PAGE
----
No, my muso dreams are of failure and panic, loss, letting people down. Typical dreams go:
We’re at a venue. We’ve done the soundcheck. As ever, it’s hours before we play. [As in real life], we go off and eat, or go for a drink, either together, or in small groups, or on our own. I have gone off on my own. After a while I realise that I am far away from the venue, and can’t find my way back to it. Panic.
I’m at what is obviously the wrong venue. I’ve got the night wrong. I can’t contact anybody else in the band by phone. I can’t get a cab. I’m in a place that has loads of corridors or staircases, or both. Everybody around is focused on whatever’s happening at the venue, or I am too embarrassed to admit to anybody that I need help, because it’s ridiculous to turn up at the wrong venue.
I have lent my guitar to somebody in another band. I am either in the venue, outside it, or near it somewhere. I can’t remember who I’ve lent it to, and again feel too embarrassed to admit to this.
My guitar is broken, or won’t work for any number of reasons. Or I’ve forgotten to bring it.
Variations of some of these have actually happened: equipment failure is common, especially with one very temperamental amp the band owns, guitar strings breaking during a set or, on one occasion, one minute before we were due to go on, a clarinet being dropped on cobblestones and broken, and one of our tubas has dents that wouldn’t look out of place on a car in Naples, testifying to a lot of tumbles. On a recent trip to Glasgow, I started to feel a bit lost when a group of us went on a walk, and for a drink, before we played – we weren’t lost at all, in the safe hands of one of our trumpeters who has an excellent sense of direction. Various members of the band lose stuff at gigs, small things, usually, a guitar tuner or capo left on the stage, trumpet mutes, sheet music, clothes and hats left in dressing rooms shared by (and I kid you not) fifty other people. Nobody has lost an instrument yet (though one band member, shocked by sudden bad news, left an instrument on a train once – he got it back later) but I can see it happening. There has been the occasional almost last-minute dash to a venue if a band member hasn’t been able to get there earlier.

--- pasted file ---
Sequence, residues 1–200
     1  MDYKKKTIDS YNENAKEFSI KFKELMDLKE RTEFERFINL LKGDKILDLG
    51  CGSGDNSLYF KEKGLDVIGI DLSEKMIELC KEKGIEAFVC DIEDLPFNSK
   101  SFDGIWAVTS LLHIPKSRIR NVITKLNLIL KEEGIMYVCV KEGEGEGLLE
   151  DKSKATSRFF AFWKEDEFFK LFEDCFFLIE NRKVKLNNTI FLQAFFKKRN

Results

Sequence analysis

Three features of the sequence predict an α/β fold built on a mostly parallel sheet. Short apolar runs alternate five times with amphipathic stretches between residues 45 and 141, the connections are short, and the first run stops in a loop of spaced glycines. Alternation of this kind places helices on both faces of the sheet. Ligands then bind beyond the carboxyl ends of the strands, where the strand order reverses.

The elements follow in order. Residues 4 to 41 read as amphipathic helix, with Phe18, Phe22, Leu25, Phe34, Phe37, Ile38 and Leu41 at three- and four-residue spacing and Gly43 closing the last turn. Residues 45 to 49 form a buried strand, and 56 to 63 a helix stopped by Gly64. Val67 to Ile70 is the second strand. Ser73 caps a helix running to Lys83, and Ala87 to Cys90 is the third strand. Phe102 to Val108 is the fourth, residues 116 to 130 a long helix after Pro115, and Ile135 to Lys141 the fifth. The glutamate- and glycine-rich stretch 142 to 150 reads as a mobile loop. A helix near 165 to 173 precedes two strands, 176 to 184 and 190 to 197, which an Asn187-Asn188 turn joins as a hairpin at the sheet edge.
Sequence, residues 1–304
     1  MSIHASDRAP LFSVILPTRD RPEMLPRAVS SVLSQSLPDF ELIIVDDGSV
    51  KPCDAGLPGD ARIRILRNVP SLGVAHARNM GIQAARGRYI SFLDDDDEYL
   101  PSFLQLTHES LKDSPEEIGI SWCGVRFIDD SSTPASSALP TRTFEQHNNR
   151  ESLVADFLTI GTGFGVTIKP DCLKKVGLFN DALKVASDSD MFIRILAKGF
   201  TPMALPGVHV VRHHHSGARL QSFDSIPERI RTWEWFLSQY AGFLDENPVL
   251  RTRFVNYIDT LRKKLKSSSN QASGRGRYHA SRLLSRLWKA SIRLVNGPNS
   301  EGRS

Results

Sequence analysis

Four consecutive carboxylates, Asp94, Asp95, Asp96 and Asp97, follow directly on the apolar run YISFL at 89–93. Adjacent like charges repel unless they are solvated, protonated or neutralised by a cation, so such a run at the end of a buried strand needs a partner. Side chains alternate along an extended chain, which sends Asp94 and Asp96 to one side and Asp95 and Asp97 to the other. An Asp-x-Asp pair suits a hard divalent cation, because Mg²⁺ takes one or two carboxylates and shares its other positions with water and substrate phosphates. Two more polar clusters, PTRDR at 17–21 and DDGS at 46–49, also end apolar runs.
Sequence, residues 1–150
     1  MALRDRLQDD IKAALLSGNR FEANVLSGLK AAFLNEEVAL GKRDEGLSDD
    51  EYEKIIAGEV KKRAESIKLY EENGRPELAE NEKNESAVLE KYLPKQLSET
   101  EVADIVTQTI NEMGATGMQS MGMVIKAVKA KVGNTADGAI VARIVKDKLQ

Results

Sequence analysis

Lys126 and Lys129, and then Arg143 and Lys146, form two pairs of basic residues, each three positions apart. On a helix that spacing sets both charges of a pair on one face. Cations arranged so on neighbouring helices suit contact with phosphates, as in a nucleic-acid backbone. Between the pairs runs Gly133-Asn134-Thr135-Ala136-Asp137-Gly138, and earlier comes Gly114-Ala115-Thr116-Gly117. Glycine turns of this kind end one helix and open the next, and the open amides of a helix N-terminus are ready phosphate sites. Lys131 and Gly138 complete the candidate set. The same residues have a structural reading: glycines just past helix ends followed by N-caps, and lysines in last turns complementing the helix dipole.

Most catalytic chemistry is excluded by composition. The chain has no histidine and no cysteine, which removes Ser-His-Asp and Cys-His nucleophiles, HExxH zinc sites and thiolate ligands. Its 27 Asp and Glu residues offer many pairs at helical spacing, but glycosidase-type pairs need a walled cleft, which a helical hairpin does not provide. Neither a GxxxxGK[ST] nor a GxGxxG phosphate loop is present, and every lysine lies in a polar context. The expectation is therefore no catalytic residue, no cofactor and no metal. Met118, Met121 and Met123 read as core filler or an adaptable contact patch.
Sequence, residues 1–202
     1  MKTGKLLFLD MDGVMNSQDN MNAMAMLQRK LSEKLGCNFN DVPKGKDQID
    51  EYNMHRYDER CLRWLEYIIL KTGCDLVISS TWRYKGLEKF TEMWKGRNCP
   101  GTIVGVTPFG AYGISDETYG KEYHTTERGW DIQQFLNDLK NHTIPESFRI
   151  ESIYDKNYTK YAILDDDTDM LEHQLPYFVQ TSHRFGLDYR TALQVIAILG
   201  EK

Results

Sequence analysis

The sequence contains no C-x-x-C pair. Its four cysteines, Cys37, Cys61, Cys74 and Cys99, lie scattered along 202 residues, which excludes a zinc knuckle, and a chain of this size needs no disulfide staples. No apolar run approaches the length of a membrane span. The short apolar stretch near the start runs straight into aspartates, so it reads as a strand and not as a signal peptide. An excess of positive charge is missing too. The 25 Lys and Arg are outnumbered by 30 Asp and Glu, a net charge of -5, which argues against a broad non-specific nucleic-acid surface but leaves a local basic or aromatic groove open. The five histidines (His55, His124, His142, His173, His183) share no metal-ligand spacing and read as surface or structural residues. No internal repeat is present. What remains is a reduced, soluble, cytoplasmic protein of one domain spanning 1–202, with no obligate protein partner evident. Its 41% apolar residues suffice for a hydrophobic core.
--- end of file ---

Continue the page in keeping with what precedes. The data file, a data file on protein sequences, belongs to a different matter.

What I found weird was that I’m not the only member of the band to have these dreams – many of us do. I realised then that it wasn’t so weird. No matter how well things have gone, once we look back on them, gigs, tours, and recording sessions, even rehearsals sometimes, are all ventures that rely on the organisation of people and their time and resources, and are also subject to adverse events, lapses in people’s goodwill and efficiency, and pure luck. Obviously, we can’t approach everything with white-knuckled anxiety, or it would all seem a bit of a slog, but I think our dreams show that anxiety is not so far away, and will settle its amusing little account with us in the end.